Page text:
Lawrence Lessig reviewt The Social Network

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Larry Lessig ist vielleicht nicht allen F5-Lesern ein Begriff: Der Mann hat Creative Commons erfunden, ein alternatives Modell zum bisherigen Lizensierungsverfahren im amerikanischen Copyright, dass den Kreativen (viel) größere Freiheiten dabei einräumt und der Mann reist um die Welt und hält Vorträge über Netzneutralität, Urheberrecht und korrupte Regierungen und was das alles mit dem Internet zu tun hat. Kurz gesagt: Der Mann ist wichtig und man sollte sich mal 20 Minuten Zeit nehmen und sich diesen brillanten Vortrag über Copyright bei der TED-Konferenz anschauen.

Nun ist der Mann kein Filmkritiker, aber dennoch ist ein Review von Finchers „The Social Network“ von ihm ziemlich interessant und er räumt mit ein paar Dingen auf, die im Film faktisch falsch dargestellt werden. (via /.)

the most frustrating bit of The Social Network is not its obliviousness to the silliness of modern American law. It is its failure to even mention the real magic behind the Facebook story. In interviews given after making the film, Sorkin boasts about his ignorance of the Internet. That ignorance shows. This is like a film about the atomic bomb which never even introduces the idea that an explosion produced through atomic fission is importantly different from an explosion produced by dynamite. Instead, we’re just shown a big explosion ($25 billion in market capitalization—that’s a lot of dynamite!) and expected to grok (the word us geek-wannabes use to show you we know of what we speak) the world of difference this innovation in bombs entails.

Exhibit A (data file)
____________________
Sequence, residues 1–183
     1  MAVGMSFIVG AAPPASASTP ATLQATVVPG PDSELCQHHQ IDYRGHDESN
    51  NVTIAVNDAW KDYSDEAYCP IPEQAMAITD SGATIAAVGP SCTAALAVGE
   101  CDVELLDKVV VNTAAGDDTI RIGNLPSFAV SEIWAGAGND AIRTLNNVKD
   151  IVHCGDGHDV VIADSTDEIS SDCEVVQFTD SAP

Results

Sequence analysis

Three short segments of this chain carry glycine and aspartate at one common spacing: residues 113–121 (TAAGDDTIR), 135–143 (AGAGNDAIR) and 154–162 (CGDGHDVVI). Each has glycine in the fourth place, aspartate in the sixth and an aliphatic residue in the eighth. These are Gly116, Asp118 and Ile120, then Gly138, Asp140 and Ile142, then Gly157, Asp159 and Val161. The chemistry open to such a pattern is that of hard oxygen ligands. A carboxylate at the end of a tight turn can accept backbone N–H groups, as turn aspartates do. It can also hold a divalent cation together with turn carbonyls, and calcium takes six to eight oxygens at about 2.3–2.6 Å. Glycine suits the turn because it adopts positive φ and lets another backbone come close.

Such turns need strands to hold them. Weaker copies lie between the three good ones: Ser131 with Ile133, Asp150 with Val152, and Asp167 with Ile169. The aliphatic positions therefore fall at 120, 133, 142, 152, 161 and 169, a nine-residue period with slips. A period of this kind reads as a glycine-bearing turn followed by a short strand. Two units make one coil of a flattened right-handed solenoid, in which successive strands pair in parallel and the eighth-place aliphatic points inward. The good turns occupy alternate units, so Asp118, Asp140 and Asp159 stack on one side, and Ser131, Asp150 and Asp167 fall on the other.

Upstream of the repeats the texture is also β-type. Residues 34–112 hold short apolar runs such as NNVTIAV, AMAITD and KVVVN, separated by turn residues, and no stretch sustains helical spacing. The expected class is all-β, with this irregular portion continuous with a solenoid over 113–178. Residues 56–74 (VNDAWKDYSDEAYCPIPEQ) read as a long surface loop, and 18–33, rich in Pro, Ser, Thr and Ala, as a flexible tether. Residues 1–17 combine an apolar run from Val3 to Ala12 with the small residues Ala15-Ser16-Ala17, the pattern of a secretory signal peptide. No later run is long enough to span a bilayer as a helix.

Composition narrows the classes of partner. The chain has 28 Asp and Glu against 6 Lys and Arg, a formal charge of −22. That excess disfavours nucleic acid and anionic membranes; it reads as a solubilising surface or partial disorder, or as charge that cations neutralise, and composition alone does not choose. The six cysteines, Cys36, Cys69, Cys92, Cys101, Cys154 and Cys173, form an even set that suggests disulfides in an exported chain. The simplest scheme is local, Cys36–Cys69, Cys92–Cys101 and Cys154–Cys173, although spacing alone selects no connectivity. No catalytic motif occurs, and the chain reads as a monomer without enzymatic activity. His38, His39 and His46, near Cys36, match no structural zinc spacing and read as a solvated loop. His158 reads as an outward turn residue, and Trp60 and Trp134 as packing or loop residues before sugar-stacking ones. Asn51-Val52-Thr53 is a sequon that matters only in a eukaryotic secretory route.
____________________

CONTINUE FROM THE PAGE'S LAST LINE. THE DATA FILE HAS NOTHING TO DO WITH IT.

What is important in Zuckerberg’s story is not that he’s a boy genius. He plainly is, but many are. It’s not that he’s a socially clumsy (relative to the Harvard elite) boy genius. Every one of them is. And it’s not that he invented an amazing product through hard work and insight that millions love. The history of American entrepreneurism is just that history, told with different technologies at different times and places.

Instead, what’s important here is that Zuckerberg’s genius could be embraced by half-a-billion people within six years of its first being launched, without (and here is the critical bit) asking permission of anyone. The real story is not the invention. It is the platform that makes the invention sing. Zuckerberg didn’t invent that platform. He was a hacker (a term of praise) who built for it. And as much as Zuckerberg deserves endless respect from every decent soul for his success, the real hero in this story doesn’t even get a credit.

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